DUI Law in Florida and the Corpus Delicti Rule


          The corpus delicti consists of proof that a crime has been committed and that someone is criminally responsible for committing it.  The corpus delicti has to be established in all DUI cases in Florida before the statements of an accused individual can be admitted into evidence at a trial.  

          In some cases, people who would almost certainly be found guilty of committing the crime of driving under the influence are not found guilty because the corpus delicti has not been proved.  For example, in the case of Tina Esler versus the State of Florida,  the appellate court deciding Ms. Esler's case ruled that her conviction for DUI causing serious bodily injury had to be reversed because the prosecutor failed to prove the corpus delicti before Esler's confession was admitted into evidence at her trial.


          The facts of Esler's case are as follows:


          "On November 2, 2003, in Hillsborough County, Jim Latent was in his wheelchair in the parking lot of an establishment when he was hit by a car that fled the scene. As a result of the crash, Mr. Latent's leg was broken in three places. At trial he testified that he could not supply a more detailed description of the vehicle other than it was a white car. Mr. Latent testified that he did not see who was driving the car but stated . . . that he had been told by witnesses that the driver was a woman. No other witnesses to the offense testified at trial.


          Trooper Helen McCoy testified that on that same day, in Polk County, she was called to the scene of a one-vehicle crash in which a white, four-door Buick had driven through a fence and hit a tree. The trooper approached a woman standing next to an ambulance who was visibly upset and crying. The woman identified herself as Esler. The trooper questioned Esler about the Polk County accident, and . . . Esler admitted that she had been driving the white Buick. Esler was taken into custody for an unrelated offense, and Trooper McCoy transported her to the scene of the Hillsborough County hit-and-run crash.


          When Esler arrived at the scene of the Hillsborough County crash, Trooper Ronald Drake was investigating. Trooper Drake testified that Esler appeared to be extremely intoxicated. Esler was questioned and based upon speaking with her and her appearance, the trooper charged her with DUI. The trooper testified that . . . Esler admitted that she had been driving the white Buick that morning and had sped out of the parking lot of the Hillsborough County establishment where the hit and run had occurred. She admitted to the trooper that she had been drinking just prior to the time she exited the parking lot.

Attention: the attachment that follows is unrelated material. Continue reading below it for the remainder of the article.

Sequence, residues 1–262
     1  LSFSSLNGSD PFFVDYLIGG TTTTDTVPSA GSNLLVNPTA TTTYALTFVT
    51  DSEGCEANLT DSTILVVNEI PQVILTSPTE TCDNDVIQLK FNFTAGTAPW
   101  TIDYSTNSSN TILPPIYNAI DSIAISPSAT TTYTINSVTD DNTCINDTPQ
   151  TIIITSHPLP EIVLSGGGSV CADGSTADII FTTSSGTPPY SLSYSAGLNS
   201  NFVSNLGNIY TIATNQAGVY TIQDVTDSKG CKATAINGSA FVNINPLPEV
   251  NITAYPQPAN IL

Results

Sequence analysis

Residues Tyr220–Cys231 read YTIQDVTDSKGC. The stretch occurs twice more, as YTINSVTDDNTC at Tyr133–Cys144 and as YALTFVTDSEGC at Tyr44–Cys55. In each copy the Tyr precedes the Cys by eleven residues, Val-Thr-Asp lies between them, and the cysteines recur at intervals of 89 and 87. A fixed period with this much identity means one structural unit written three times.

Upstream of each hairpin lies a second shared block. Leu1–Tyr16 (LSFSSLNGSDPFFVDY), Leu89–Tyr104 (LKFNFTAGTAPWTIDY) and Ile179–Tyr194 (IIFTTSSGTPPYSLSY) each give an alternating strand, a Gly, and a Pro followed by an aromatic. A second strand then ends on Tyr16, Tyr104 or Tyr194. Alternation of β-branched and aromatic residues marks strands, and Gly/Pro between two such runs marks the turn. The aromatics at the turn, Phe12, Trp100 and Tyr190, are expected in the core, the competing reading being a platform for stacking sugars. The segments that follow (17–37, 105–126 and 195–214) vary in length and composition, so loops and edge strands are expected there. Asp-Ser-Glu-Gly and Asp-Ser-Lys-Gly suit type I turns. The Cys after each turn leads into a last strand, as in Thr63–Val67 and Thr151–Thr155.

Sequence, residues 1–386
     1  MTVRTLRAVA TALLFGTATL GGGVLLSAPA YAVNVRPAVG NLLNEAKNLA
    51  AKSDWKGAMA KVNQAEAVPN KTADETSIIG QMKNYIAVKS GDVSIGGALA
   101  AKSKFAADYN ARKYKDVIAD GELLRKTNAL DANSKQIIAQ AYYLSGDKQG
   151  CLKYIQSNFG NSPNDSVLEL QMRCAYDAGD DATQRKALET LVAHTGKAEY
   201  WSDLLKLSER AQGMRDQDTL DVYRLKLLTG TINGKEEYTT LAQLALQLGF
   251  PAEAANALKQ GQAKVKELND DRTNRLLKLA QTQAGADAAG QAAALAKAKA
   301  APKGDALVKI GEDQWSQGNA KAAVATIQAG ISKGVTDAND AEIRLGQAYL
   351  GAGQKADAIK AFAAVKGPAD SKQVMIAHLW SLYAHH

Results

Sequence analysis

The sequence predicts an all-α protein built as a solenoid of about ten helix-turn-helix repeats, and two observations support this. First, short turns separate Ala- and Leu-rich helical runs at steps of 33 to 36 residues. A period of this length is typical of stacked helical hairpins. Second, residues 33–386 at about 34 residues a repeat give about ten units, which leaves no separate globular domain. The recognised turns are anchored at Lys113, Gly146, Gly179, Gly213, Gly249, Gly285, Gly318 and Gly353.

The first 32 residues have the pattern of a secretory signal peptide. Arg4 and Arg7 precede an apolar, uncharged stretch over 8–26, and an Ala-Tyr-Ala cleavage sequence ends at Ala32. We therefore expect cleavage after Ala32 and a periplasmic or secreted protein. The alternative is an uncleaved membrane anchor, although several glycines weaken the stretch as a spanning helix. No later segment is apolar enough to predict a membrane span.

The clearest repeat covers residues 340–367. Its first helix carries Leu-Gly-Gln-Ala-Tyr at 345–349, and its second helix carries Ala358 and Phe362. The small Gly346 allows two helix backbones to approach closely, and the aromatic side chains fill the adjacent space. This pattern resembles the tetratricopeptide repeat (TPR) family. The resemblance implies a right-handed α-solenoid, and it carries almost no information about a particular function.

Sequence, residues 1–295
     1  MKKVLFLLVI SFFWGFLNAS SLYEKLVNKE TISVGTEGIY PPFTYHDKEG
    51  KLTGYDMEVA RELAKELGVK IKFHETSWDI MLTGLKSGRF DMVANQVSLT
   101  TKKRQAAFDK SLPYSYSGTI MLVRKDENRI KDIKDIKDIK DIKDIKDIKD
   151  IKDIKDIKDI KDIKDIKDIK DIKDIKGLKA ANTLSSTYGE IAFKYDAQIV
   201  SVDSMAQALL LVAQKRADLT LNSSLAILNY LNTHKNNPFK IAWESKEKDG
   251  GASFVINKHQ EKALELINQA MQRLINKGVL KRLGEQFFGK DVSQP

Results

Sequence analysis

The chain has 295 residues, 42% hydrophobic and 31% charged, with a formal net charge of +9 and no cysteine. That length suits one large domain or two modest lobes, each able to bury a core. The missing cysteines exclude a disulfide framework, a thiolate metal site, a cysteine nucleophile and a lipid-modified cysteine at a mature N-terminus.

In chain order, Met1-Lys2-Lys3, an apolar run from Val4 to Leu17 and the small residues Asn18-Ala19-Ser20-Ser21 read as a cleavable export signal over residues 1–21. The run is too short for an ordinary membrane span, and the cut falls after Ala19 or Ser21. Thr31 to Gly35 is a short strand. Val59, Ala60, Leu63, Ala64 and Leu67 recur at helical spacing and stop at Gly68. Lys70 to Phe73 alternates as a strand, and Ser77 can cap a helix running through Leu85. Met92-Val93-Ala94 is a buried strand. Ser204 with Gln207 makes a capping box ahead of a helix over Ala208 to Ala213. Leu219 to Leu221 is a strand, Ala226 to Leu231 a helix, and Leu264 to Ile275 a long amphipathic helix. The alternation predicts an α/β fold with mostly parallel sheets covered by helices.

At trial, testimony was presented that a white Buick had knocked down a fence and hit a tree in Polk County and there was damage to the front end of that vehicle, mainly on the driver's side. However, there was no physical evidence connecting any of the damage to the Buick with Mr. Latent or his wheelchair in Hillsborough County. The [prosecutor] did not present any witnesses who observed either the Hillsborough County or the Polk County crash. Other than her [confession], there was no evidence placing Esler behind the wheel of the vehicle involved in the Hillsborough County crash."


          In deciding in Esler's favor, the appellate court stated:


1.  There can be no conviction for DUI with serious bodily injury without proof that the defendant was driving a vehicle and was impaired at the time of the crash.


2.  There must be proof independent of a confession that the defendant was driving the vehicle involved in the crash in order to make that determination. 


3.  The [prosecutor] failed to present the necessary independent proof that Esler was the driver of the vehicle involved in the Hillsborough County crash.


4.  Therefore, Esler's conviction for DUI with serious bodily injury had to be reversed.

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